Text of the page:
Ed Bradley was pals with Jimmy Buffett and pulled off the miraculous feat of wearing an earring and still appealing to the Sunday night audience of "60 Minutes," but no one would argue that the venerable newsmagazine itself was hip. It took Vice Media (Brooklyn-based, of course) to turn that trick.
Shane Smith and his band of globetrotting renegade journalists are turning out serious newsmagazine journalism that somehow also manages to run counter to the corporate news culture. Which is why the media companies are so eager to invest in Vice. Its website, Vice.com, is also a key asset in attracting a younger audience.
Vice's valuation reached a reported $2.5 billion after it closed a $250 million investment from Technology Crossover Ventures in September, which added to the $250 million it had already received from Hearst's A&E Networks. 21st Century Fox bought a 5 percent stake in Vice for $70 million in 2013. It's on quite a run for a company that started as a punk magazine based in Montreal. Which is another way of saying that its "sellout" is now almost complete.
A blood test may seem like very simple medicine in an era of gene decoding. But investors are betting that Theranos—using a fraction of the blood used today and getting results faster, cheaper and offering them everywhere—is worth its $9 billion valuation. Laboratory Corp. of America and Quest Diagnostics have a combined market cap of $21 billion.
Theranos is not exactly under the radar. It's been the subject of an exhaustive profile in "The New Yorker," with its CEO and founder Elizabeth Holmes positioned as a Silicon Valley rock star. And few start-ups have not one but two Secretaries of State on their board—Henry Kissinger and George Schultz.
It's not a household name, but that may change. Theranos testing centers are currently inside Walgreens locations in Arizona and California, and the company plans to hit all 50 states.
Most of the big valuations in the hot healthcare IPO space have been in the $1 billion to $2 billion range. "Theranos is unprecedented," Smith said. Only one other company on this list has a higher valuation.
After the solar sector was left for dead in the days of Solyndra, it roared back to life, and recent solar IPOs have done reasonably well. In particular, the "yieldco" companies that package large-scale solar projects into income-generating companies—First Solar and SunPower are creating a joint yieldco, and Sunedison spun off TerraForm Power—are doing well because of the low yield environment.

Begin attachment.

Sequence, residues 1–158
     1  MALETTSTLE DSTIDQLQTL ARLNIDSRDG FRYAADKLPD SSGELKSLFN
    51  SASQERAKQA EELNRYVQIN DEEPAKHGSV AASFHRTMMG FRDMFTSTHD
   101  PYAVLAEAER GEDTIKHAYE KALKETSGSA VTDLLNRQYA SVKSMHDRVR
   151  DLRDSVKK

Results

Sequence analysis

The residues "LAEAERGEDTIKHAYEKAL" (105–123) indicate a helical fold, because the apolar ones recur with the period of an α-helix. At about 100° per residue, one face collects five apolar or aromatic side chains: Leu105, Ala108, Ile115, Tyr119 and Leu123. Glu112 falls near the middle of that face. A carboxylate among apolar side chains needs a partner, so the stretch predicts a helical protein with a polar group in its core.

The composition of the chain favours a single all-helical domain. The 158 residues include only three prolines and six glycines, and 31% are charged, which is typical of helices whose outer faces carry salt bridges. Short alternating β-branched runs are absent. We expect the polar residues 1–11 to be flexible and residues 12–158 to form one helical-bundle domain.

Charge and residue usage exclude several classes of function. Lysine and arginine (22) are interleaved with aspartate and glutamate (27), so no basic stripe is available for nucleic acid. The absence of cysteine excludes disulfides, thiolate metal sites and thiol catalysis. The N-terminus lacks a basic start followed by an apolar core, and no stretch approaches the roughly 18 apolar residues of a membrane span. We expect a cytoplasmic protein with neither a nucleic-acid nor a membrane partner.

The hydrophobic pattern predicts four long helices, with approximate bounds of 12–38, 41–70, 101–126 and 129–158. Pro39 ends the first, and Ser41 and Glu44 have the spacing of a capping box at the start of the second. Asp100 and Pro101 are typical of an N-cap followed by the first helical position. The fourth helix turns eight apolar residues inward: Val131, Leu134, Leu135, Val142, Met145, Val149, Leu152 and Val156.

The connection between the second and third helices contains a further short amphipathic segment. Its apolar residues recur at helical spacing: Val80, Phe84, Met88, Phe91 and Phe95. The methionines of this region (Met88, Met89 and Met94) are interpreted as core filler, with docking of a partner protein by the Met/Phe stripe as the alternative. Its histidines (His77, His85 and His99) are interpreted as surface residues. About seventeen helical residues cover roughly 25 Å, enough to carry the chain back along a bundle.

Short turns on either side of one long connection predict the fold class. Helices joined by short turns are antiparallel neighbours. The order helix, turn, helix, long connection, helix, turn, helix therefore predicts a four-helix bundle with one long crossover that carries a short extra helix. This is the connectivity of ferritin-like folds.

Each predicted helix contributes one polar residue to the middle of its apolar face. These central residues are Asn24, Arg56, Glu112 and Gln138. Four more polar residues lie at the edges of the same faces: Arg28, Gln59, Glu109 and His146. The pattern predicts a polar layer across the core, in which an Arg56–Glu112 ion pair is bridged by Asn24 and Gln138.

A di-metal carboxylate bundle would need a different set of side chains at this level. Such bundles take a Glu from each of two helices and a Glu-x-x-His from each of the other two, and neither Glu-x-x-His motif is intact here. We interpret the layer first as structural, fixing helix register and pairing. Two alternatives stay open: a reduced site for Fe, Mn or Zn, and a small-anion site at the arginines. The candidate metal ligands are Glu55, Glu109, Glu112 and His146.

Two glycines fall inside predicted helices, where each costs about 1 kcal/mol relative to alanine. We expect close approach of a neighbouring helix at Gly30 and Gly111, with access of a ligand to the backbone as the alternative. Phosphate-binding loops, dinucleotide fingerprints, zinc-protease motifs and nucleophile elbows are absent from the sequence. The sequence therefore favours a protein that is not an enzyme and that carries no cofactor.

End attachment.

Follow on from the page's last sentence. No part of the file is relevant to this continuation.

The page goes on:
But other solar themes are also making it to the IPO market. Solar inverter company SolarEdge Technologies went public earlier this year and is up 65 percent since its offering. And Vivint Solar and SolarCity's IPOs show that there is market appetite for solar project-based companies. They are the best comparison for SunRun, which is among the largest solar project developers in the U.S. and is now valued at $1 billion, with backers including Sequoia Capital and Accel Partners.
Smith said that the 32 energy IPOs from Jan 1, 2014, to April produced negative returns, but the five alternative energy IPOs over that period returned 40.3 percent on average. She said that might make investors interested in SunRun.
There are plenty of smartphone apps aimed at health monitoring—the Apple Watch even trumpets its heart sensor—but Proteus Health goes much further, with its microchip-embedded pills that are activated inside the body and can relay information to caregivers about prescription usage. The ingestible sensor sends information to a disposable patch that patients wear, which is then sent to a smartphone or tablet, elevated to the cloud and then available to doctors and other caregivers.
Valued at $1.1 billion by backers, and partners including Oracle and Novartis, Proteus Health has a lot left to prove—namely, better patient results. The company says health-care systems and doctors are looking for new ways to improve outcomes and that addressing the "forgetfulness" factor—helping patients remember when they have or haven't taken their medication—is key.
Proteus received FDA approval to market its ingestible sensor as a medical device in 2012—marking a new product category, or "de novo" FDA clearance. The company's ambition is to see the sensor implanted in every medicine taken.